You can spend much time in the North’s backcountry without ever bumping into some of its more secretive denizens—lynx, wolves, or wolverines. I’d like to use this opportunity to share my encounter with an Arctic critter I had never met face-to-face until recently: Ursus maritimus, the polar bear. It happened in 2010, on an 11-day rafting trip on the Canning River (the western boundary of the Arctic National Wildlife Refuge) that I was co-guiding for Alaska wilderness outfitter. The encounter was not exactly face-to-face, rather binocular-to-face, but nevertheless, life-changing. Here is what I wrote, to give you a taste of the experience:
Sipping coffee in the morning’s quiet, looking south from the top of the bluff where we pitched our tents, I notice a white lump on the bench below muscling toward camp. I cannot believe my eyes. A polar bear! The clients pop from their nylon cocoons when I alert them—one clad in boxer shorts and a down jacket. We stand and watch the bear sniff and root around. To this carnivore, accustomed to fatty seals and other marine mammals, the only morsels of interest here would be ground squirrels, foxes, or birds—none of which could satisfy the hunger of this blubber-burning powerhouse.
Without a care in the world, the bear lies down for a nap halfway up the bluff’s slope. What is there to fear? We sit and keep our binoculars trained on the pile that could easily be mistaken for a limestone boulder. Occasionally, the bear lifts its head to sample the air. We crouch downwind from it, and it remains unaware of our presence.
Before long, a Golden Eagle strokes past. Mobbed by some songbirds but still regal in its bearing, it scrutinizes the bear, which sleeps on, unconcerned. Then I catch another bright spot heading downstream. A scan with my glasses reveals a white wolf. Indifferent to our attempts to make sense of it all, the wolf approaches the sleeping bear. Casting sideways glances and giving it a wide berth of respect, the wolf saunters over a ridge, out of sight but already etched into memory.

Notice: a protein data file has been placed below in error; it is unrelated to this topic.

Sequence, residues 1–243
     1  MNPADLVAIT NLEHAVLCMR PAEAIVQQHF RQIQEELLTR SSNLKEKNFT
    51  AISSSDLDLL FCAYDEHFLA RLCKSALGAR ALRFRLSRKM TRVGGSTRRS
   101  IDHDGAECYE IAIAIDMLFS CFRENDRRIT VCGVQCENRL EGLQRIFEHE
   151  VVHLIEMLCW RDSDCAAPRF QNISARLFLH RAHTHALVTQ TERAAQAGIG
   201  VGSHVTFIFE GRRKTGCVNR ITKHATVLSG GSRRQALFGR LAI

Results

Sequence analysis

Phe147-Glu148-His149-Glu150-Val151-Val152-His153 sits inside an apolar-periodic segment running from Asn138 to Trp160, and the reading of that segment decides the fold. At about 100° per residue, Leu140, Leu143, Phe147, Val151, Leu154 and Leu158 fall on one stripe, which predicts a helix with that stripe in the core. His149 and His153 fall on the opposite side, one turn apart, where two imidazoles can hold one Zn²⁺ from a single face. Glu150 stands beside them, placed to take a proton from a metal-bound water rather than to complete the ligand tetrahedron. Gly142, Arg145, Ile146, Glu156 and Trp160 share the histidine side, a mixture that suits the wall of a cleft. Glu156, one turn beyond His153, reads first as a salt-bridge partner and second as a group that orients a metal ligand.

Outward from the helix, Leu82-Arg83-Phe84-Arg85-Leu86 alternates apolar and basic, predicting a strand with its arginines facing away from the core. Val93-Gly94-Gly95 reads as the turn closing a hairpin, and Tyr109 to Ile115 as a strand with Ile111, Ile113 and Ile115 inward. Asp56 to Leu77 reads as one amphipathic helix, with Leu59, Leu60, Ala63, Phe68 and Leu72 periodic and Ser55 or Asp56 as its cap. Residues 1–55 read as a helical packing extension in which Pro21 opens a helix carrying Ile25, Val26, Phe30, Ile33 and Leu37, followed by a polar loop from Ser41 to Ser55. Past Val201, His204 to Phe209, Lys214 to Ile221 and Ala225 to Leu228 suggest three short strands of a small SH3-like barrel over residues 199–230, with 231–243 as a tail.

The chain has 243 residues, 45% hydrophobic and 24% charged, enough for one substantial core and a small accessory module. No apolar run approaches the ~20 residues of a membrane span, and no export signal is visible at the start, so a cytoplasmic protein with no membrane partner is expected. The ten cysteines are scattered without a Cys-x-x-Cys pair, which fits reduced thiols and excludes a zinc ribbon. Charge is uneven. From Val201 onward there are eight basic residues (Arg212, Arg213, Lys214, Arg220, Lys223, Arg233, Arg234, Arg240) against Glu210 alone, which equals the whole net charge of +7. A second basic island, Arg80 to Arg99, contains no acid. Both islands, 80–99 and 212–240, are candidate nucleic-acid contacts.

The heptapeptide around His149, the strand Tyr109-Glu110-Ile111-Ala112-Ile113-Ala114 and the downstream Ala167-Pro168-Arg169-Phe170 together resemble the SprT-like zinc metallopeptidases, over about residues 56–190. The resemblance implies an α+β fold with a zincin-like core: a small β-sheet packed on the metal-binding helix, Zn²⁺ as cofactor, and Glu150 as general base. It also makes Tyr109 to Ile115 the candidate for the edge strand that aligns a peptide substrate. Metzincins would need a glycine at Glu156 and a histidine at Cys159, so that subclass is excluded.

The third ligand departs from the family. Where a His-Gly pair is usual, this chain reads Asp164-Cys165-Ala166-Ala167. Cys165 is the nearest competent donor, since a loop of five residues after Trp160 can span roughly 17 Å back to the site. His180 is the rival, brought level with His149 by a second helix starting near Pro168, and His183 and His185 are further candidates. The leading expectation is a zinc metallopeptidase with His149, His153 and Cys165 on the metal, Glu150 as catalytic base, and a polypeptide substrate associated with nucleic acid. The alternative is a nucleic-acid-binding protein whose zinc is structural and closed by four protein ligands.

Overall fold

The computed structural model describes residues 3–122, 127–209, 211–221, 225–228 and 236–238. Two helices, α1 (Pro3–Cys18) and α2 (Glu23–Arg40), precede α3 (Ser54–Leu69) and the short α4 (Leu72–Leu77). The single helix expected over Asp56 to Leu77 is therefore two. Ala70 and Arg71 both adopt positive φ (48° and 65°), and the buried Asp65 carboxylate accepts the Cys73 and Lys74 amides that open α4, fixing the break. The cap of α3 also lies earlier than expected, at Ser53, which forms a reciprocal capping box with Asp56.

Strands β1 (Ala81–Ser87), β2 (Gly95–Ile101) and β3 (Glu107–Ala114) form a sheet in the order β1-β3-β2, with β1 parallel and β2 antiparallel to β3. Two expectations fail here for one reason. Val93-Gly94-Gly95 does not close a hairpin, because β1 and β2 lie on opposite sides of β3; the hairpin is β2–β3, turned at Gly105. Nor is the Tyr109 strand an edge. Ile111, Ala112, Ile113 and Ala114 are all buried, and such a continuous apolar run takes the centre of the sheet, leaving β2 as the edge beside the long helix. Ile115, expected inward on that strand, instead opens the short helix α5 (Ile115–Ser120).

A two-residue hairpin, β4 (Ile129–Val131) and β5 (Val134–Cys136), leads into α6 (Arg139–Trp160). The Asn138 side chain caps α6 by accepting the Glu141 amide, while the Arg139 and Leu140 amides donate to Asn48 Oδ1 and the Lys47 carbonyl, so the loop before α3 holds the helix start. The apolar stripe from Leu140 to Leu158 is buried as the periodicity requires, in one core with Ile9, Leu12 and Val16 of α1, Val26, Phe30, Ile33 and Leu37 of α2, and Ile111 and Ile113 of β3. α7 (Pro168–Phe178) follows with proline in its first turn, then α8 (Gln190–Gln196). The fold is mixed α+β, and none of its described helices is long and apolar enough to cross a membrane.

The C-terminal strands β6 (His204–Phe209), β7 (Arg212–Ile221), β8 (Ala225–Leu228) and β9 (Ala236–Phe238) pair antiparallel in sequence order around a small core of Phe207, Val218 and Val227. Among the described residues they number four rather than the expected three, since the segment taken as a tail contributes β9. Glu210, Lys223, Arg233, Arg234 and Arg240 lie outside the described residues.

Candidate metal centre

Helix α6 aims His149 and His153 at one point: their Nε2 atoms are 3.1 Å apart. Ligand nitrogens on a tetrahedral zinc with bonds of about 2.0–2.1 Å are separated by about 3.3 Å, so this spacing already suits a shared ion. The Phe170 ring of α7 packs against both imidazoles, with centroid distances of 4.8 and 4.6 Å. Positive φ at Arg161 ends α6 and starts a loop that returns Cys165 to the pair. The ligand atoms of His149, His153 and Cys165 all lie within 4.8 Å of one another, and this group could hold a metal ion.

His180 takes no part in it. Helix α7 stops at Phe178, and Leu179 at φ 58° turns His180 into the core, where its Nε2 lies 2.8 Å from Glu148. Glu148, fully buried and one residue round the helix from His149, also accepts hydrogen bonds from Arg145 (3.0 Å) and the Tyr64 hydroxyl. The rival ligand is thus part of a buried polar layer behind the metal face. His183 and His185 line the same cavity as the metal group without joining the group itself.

Because the bear is not moving much and poses no immediate threat, I have breakfast and break down my tent. Then I act as lookout while the rest of the group takes their turn and loads the rafts, shielded by the bluff and prevailing wind . . .
This obviously came as a total surprise, and, at the time, was the southernmost sighting of a polar bear inside the Arctic National Wildlife Refuge—almost 30 miles from the coast. It was only one of the many highlights on this trip, which to this day stands out as one of the best ones I’ve been on. Everybody was awe-struck, but for me the encounter sparked, what for lack of a better term might be called an obsession with polar bears. (Ask my wife. She’ll tell you how I can hardly talk about anything else these days.) I’ve been a bear enthusiast for decades, but seeing this animal, “out of place” and without bars between it and us, kicked my obsession up to a new level.
I started to read up on polar bears and on 8,000 years of shared history between them and us and was amazed by some of the things I learned: That Vikings traded live cubs to European royalty. That Roald Amundsen tried to train polar bears (with the help of a circus man) to pull sleds to the pole. That, on hand-colored Renaissance maps, they sometimes are brown. That a long wooden staff wielded effectively can deter nosy polar bears. (Don’t try this yourself, though.)
I was so intrigued and amazed by what I found, and much of the information was sort of obscure, that I decided to write my own book with everything I ever wanted to learn about the charismatic carnivore. Now, there are quite a few books out there about polar bear biology and so on—but I wanted to know what lay at the root of our fascination with this animal, how we relate to it.
The making of this book, like many an Arctic trip, has been quite a journey. And like all journeys, it needed some funding. It still does, as many of the illustrations I hope to round up require licensing or processing fees that go to museums or special collections libraries. So I began to crowd-fund the project, and you can find the link here. I hope that this animal and its home will affect others as it has affected me and that the Great White Bear will continue to grace both, our internal and external landscapes for thousands of years to come.
Michael Engelhard lives in Cordova, Alaska and works as a wilderness guide in the Arctic. He has been obsessed with bears for decades now, despite the fact that he almost got mauled by one last summer. He has written several books and articles for numerous publications, and edited four anthologies of nature writing. The canyon country of southern Utah and northern Arizona is his other favorite region.